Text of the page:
Weekly fishing report: It's still time to go fishing
For the most part we dodged a major bullet with Miss Sandy and Ma Nature. Things could have been much worse and I consider ourselves extremely lucky. As I pen this report all of our local water levels are high and muddy. As my eldest son would quip; "Thank you, Captain Obvious!" Ah! But one can still fish. I hear you scoffing at this, but it is true.
I have already been out on the water and I have already caught fish. It can be done with a little work, a change of normal tactics, and the realization that the fish still have to eat regardless of the weather is not in the fisherman's favor. It means you have to adapt to the conditions even if they are lousy.
So let's look at the options to make the best of these conditions. The recent deluge of cold water slows the metabolism of trout and bass, thus their required feeding activity is lower than in warmer water. Also, these fish are creatures of instinct and you may be able to force a fish to hit a bait just because you placed it in the strike zone and triggered a response.
The strike zone will be a key factor. At this time of high muddy water it will be very small. Thinking about where and how to present your lure is important now. During high muddy water, more than at any other time of the year bass will fix to structure for safety from the flows.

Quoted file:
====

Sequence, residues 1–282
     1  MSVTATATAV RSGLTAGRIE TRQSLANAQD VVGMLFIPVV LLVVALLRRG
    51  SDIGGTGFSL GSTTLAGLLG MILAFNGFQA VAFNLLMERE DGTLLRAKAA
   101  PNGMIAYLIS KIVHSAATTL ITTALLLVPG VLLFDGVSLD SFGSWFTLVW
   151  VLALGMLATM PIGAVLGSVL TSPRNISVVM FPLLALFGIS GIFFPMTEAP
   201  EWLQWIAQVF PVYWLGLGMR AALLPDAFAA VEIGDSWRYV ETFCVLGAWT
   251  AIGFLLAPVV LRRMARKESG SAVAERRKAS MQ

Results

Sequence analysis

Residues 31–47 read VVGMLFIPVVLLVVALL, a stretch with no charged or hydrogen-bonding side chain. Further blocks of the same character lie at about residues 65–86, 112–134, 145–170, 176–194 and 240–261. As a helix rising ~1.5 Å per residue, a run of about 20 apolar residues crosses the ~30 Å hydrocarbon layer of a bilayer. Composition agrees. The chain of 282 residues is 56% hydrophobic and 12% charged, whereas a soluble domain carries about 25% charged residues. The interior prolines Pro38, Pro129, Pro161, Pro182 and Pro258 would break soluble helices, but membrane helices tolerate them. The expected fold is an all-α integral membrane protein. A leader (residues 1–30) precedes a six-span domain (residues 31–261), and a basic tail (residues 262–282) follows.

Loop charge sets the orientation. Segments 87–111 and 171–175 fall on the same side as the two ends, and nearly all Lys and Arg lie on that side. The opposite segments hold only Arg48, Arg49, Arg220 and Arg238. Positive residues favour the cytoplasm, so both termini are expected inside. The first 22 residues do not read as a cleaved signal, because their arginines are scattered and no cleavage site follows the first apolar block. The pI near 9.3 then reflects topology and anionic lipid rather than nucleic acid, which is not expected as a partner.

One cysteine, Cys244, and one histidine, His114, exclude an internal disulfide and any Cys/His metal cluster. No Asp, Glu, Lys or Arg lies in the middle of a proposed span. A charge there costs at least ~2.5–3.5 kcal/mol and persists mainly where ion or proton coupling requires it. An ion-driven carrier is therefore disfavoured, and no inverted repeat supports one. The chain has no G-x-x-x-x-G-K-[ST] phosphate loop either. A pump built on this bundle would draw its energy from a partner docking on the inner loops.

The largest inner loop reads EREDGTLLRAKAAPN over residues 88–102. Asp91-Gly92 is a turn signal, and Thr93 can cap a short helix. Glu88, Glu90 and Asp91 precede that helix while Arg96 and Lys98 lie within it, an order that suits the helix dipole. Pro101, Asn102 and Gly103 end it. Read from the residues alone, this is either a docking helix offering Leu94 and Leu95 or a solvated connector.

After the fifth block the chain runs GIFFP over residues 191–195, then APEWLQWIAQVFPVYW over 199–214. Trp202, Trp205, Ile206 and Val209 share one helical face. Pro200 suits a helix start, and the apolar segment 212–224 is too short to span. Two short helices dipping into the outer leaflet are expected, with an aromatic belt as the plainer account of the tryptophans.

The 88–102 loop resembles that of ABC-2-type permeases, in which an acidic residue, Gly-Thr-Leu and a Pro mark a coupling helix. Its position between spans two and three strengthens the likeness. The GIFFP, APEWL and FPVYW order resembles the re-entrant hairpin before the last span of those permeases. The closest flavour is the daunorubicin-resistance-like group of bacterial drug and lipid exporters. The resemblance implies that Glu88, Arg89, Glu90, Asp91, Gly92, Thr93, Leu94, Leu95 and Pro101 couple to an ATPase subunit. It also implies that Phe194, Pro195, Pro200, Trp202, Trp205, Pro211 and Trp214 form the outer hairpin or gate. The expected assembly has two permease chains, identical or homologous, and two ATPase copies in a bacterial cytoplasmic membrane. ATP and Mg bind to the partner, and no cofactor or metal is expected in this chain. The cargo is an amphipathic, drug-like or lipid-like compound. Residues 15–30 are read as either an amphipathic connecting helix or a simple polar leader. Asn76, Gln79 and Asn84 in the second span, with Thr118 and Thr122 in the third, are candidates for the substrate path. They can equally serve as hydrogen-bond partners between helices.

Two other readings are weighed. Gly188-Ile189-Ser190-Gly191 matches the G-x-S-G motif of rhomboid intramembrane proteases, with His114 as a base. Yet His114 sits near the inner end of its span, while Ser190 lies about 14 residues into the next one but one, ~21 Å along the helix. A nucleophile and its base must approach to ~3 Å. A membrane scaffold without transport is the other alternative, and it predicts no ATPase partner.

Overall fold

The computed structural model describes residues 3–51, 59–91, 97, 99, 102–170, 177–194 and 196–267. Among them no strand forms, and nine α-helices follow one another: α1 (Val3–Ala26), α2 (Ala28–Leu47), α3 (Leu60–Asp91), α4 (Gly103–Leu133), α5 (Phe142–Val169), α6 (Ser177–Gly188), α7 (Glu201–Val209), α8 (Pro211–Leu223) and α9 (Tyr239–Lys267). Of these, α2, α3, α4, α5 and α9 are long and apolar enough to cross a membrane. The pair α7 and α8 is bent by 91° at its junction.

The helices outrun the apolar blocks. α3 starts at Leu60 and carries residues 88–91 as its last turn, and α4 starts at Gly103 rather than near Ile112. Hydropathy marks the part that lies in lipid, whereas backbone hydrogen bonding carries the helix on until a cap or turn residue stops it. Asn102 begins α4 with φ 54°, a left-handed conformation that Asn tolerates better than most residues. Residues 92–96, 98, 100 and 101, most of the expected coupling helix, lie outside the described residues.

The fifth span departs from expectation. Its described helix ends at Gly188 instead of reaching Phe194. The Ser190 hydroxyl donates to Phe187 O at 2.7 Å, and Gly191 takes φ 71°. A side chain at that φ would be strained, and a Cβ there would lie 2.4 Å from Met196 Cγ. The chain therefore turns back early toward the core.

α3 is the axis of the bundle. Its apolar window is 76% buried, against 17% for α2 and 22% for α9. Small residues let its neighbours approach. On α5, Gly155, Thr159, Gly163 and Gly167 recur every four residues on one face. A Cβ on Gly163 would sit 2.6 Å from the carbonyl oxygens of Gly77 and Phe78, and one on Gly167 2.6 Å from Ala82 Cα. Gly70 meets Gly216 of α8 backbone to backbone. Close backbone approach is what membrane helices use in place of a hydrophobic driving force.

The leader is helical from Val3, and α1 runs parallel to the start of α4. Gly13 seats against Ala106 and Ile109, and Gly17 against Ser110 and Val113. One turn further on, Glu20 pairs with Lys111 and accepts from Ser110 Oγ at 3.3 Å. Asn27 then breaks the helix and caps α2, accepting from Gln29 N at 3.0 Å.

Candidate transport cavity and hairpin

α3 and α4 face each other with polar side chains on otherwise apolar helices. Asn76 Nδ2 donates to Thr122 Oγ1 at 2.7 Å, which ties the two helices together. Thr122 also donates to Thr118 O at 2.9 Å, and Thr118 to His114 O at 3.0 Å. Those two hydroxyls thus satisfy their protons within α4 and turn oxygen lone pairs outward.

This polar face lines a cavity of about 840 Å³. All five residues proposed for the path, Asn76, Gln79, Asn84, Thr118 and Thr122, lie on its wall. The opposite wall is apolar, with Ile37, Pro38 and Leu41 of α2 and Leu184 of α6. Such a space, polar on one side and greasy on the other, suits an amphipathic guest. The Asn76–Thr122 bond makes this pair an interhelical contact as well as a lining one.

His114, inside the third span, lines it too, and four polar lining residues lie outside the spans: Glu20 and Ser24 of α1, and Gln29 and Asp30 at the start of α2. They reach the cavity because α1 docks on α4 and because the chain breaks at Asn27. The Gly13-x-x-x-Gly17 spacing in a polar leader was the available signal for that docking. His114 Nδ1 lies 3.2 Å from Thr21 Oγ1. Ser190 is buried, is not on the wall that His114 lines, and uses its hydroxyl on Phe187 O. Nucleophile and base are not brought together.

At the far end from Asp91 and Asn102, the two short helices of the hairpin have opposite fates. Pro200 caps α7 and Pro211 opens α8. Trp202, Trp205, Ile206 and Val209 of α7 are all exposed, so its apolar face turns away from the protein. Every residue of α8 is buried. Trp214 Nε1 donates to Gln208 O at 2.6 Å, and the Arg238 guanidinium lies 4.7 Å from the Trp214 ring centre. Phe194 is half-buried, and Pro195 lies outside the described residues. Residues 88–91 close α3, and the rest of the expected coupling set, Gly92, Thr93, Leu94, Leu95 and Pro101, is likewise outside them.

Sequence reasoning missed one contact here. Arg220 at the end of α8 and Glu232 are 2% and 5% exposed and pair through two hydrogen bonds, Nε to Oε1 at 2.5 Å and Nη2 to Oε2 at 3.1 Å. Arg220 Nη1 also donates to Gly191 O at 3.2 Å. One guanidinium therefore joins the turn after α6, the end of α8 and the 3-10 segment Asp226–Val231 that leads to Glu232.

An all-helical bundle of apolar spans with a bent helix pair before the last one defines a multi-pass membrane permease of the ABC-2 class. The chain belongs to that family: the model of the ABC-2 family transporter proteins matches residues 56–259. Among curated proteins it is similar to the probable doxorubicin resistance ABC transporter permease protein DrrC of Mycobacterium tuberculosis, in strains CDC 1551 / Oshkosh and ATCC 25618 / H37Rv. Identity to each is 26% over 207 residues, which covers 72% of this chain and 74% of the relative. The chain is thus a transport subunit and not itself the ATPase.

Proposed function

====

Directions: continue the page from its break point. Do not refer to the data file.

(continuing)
They'll also stay there for longer periods of time. This means throw parallel with depth changes, brush lines, or vertically fish this type of structure as well as logs, rocks, and debris piles.
This, as a general rule of thumb, means fish slow. Play the lips of softer slack current or depressions with your casts since the fish under these conditions, will often layer along these contour lines found in all the streams, lakes, and rivers.
If you find fish in the bottom channels use a modified hair jig with an embedded rattle such as a JJ's Black Booger Jig. The auditory vibrations of the rattle are of the greatest importance since fish in muddy water are more dependent on sound vibrations picked up by their lateral lines. Use darker colors, especially black. Black will offer the sharpest contrast in muddy water.
The deeper you go in off-colored water, the less important color becomes and the more important vibration is as a stimulus. Herein lies its greatest drawback. You have to be very sensitized to keeping a jig in the most likely water for producing strikes because you are going to get less casts with this jig even if you adapt a spot cast technique.
This technique isn't a bad idea in cold, muddy water because your chances really drop when your presentation gets the jig away from the softer current breaks or structure. To compensate make yourself think about where the lure is going to be presented and what you envision as the strike zone. Once out of that area retrieve the lure and cast to the next spot.